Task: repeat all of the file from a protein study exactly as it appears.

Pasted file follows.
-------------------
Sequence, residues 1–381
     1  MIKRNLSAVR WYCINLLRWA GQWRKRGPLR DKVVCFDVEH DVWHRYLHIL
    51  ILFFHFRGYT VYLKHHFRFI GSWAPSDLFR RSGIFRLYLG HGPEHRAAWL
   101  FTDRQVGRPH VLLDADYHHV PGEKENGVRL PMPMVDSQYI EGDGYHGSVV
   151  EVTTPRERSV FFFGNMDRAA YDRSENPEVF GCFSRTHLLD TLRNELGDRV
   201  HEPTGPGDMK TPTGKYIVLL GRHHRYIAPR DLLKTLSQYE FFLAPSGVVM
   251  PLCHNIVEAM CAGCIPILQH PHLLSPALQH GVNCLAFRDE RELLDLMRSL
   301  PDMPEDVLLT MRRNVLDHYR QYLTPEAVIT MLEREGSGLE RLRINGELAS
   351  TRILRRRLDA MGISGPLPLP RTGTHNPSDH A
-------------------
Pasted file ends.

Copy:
Sequence, residues 1–381
     1  MIKRNLSAVR WYCINLLRWA GQWRKRGPLR DKVVCFDVEH DVWHRYLHIL
    51  ILFFHFRGYT VYLKHHFRFI GSWAPSDLFR RSGIFRLYLG HGPEHRAAWL
   101  FTDRQVGRPH VLLDADYHHV PGEKENGVRL PMPMVDSQYI EGDGYHGSVV
   151  EVTTPRERSV FFFGNMDRAA YDRSENPEVF GCFSRTHLLD TLRNELGDRV
   201  HEPTGPGDMK TPTGKYIVLL GRHHRYIAPR DLLKTLSQYE FFLAPSGVVM
   251  PLCHNIVEAM CAGCIPILQH PHLLSPALQH GVNCLAFRDE RELLDLMRSL
   301  PDMPEDVLLT MRRNVLDHYR QYLTPEAVIT MLEREGSGLE RLRINGELAS
   351  TRILRRRLDA MGISGPLPLP RTGTHNPSDH A